Is it time to end the era of animal testing in science?

“The 360” shows you diverse perspectives on the day’s top stories and debates.

What’s happening

Memhet Oz, the celebrity doctor and Republican nominee for the U.S. Senate in Pennsylvania, is facing accusations that he played a role in the mistreatment of animals following a report that experiments he oversaw led to the deaths of hundreds of animals, including dogs.

According to an analysis of Oz’s published research conducted by Jezebel, Oz was listed as the “principle investigator” on dozens of experiments conducted at Columbia University over the course of two decades involving more than 1,000 live animal subjects. In 2004, the university was fined $2,000 by the United States Department of Agriculture after an internal investigation into its animal research practices, including in experiments conducted by Oz.

A spokeswoman for the Oz campaign told CNN that the allegations are “totally false and preposterous,” adding that Oz was not present for or aware of any mistreatment of animals while experiments were taking place. Those denials didn’t stop his Democratic opponent, John Fetterman, from tweeting “Dr. Oz kills puppies.”

The allegations against Oz have brought renewed attention to the long-standing fight over the use of animals in scientific research, a debate that is as old as science itself. Every year, millions of animals are used to test everything from pharmaceutical treatments to chemical safety trials to behavioral medicine. The vast majority of these animals are rodents such as rats and mice. But researchers also conduct studies using a variety of species, including dogs, monkeys and rabbits.

Animal testing has been critical in some of the most important scientific breakthroughs in modern medicine, including the discovery of insulin as a treatment for diabetes, the development of penicillin and creation of the first polio vaccine. But the practice has become increasingly controversial in recent decades thanks in part to the emergence of the animal rights movement. Polling suggests that the U.S. public is evenly divided over the efficacy of animal research, with just half of those asked saying they favor it, according to a Pew survey conducted in 2018.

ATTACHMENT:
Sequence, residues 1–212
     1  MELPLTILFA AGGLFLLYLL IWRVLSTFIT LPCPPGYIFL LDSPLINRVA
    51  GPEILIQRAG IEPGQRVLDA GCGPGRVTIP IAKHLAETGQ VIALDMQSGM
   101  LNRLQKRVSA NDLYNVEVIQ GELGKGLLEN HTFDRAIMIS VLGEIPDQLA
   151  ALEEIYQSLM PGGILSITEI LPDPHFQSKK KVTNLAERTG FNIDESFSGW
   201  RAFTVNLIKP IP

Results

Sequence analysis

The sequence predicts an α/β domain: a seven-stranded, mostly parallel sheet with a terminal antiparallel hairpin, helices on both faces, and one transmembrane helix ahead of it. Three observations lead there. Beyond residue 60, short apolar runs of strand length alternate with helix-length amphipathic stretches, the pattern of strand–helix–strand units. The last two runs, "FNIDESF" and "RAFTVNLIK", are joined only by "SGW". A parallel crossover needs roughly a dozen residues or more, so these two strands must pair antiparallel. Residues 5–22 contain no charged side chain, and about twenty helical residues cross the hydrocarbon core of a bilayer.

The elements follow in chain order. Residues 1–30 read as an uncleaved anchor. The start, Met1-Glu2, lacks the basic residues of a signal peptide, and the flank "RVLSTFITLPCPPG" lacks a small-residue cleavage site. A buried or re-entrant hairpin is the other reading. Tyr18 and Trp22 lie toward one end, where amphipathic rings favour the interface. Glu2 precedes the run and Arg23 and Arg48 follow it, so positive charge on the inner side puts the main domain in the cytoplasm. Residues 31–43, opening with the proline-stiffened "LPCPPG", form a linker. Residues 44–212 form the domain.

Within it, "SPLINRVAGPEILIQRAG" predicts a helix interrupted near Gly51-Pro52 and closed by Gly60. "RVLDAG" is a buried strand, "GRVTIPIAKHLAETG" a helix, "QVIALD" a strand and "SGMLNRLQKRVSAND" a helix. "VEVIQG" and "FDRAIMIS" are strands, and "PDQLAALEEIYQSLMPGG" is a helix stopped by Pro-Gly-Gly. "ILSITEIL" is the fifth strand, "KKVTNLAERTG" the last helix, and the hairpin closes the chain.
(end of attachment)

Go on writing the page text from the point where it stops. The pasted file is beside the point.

Why there’s debate

The most vocal critics of animal testing argue that it’s plainly immoral for humans to deliberately cause any harm to animals, regardless of the potential breakthroughs it might produce. But there’s also significant opposition among experts with less hard-line views, who make the case that science can advance without imposing so much suffering and death upon animals.

One of that second group’s main arguments is that animals are so different from us that most experiments fail once they enter human trials. Others say that modern scientific developments, including complex computer modeling, 3D printing and lab-grown human tissues, mean animals are no longer needed for most experiments and are likely to lead to less accurate findings than these alternatives.

Most scientists involved in animal testing say they wish the practice wasn’t necessary, but that it still provides critical research that can’t be done in any other way. Some argue that extreme examples of cruelty often cited by critics don’t represent what most animal testing looks like — either because those studies violate the strict ethical guidelines most researchers adhere to or because they are simply illegal.

What’s next

The movement to scale back animal testing has had some recent successes in Washington. Most recently, the Senate passed a bipartisan bill that would eliminate a federal mandate requiring all experimental drugs to be tested on animals. The legislation, which still needs to be approved by the House, would allow drugmakers to rely on non-animal testing methods for the first time since 1938.